A wake is not for the person who has passed away.  In truth, the wake or calling hours as some refer to it, is for the people who are left behind.  It’s a much needed chance to look another person in the eye and say “I’m sorry.  I loved him, too. ”  Luke’s wake might have been the most important night of my life.   John and I wanted it to be a true reflection of who Luke was and the things that were important to him.  We didn’t want it to be a traditional deal with hushed voices and crying and a long line of people you don’t know to say “I’m sorry” to.  So we were thoughtful about the decisions we made, and mindful of the fact that so many teenagers would be there.  The night was everything we needed it to be.  Here’s what helped my heart:

Miles Funeral Home.  Miles was recommended to us by a close friend.  They were compassionate, thoughtful, and professional.  From start to finish, Rick and his team made the experience as easy as possible for us so that we didn’t have to do a lot of thinking.  They were also understanding of our desire to keep the wake true to Luke and accommodated all our requests.  I still remember showing up for Luke’s burial and they had put a canopy over the grave site, blocking out  the sun.  It was gloomy and I hated it and with one comment they had it moved without a grumble.  Yes, I know they get paid to do this, but they still do it WELL and I am thankful for our experience there.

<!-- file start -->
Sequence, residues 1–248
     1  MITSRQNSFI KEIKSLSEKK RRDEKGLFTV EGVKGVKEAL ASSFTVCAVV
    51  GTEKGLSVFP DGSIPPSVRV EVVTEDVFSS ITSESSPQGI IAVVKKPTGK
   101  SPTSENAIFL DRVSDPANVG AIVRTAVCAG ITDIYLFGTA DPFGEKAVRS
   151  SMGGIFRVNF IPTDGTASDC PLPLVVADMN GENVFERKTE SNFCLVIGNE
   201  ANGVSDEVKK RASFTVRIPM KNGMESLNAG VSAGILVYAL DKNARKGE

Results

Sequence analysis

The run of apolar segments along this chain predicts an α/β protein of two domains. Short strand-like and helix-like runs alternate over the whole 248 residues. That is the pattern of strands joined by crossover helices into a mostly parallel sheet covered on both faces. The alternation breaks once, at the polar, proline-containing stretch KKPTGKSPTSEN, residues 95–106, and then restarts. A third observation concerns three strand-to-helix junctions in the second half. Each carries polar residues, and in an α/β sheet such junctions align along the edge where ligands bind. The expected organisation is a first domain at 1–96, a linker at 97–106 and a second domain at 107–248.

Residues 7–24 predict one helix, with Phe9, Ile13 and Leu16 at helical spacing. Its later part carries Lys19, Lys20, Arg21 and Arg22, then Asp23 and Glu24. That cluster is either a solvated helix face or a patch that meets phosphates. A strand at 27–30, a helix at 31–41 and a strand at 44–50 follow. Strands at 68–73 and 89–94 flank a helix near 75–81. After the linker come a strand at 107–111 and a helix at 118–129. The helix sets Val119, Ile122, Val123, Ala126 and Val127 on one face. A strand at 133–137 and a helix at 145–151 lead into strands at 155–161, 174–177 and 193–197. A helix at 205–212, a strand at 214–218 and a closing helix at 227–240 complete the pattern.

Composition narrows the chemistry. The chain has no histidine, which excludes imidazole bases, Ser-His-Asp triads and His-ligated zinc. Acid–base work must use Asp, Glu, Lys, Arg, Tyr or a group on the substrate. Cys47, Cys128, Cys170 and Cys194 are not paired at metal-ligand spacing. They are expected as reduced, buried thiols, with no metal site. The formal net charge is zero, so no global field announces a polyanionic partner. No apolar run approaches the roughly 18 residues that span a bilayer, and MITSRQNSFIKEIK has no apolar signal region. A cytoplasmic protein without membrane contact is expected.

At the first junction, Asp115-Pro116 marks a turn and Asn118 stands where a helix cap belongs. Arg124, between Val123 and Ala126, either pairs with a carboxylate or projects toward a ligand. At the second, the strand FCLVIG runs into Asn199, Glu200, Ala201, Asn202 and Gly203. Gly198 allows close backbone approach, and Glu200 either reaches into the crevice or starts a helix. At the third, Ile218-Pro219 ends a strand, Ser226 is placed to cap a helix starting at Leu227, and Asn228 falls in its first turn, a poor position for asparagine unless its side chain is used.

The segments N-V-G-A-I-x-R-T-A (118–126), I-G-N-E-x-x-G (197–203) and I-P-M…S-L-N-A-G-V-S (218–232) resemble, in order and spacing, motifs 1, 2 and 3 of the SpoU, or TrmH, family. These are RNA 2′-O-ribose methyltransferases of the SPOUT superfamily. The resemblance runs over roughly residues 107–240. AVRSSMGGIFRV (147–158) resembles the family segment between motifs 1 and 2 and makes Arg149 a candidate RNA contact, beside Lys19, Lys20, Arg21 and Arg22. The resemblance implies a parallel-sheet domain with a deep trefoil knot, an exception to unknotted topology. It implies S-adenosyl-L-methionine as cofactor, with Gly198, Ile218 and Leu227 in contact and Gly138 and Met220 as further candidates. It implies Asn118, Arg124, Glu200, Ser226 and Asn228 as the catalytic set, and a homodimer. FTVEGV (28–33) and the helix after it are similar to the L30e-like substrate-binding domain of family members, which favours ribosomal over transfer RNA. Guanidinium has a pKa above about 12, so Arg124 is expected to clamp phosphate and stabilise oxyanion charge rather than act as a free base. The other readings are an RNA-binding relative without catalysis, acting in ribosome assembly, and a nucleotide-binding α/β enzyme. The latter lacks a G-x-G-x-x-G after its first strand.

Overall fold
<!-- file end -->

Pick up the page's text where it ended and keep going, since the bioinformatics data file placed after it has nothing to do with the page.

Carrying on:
The personal touches.  There were so many small  things that made the night “Luke”.  When you walked through the door that night we had put up a sign.  It’s the image for this blog.  We really wanted to set the tone from the moment you came in.  It still makes me smile thinking about how many people commented on that sign and how it put them at ease.    There were photo posters everywhere that Jodi and Berkeley, Donna and Sue, and my Dad and TJ had made and they were just such a great way to remember Luke at his happiest.  We had two videos going that night, also.  The tribute video was one and Berkeley had made a more personal one of the Luke Inwood she knew.  Berkeley was also responsible for the memory jar.  I have mentioned this before and I will blog about it sometime soon.  I’m not sure the wake would have been as warm without the Berkeley touches.  She has my heart forever because of this.  All these little things created an atmosphere that made it feel more like you were coming to see us at our home and I am grateful for the feeling of warmth and love all these things created.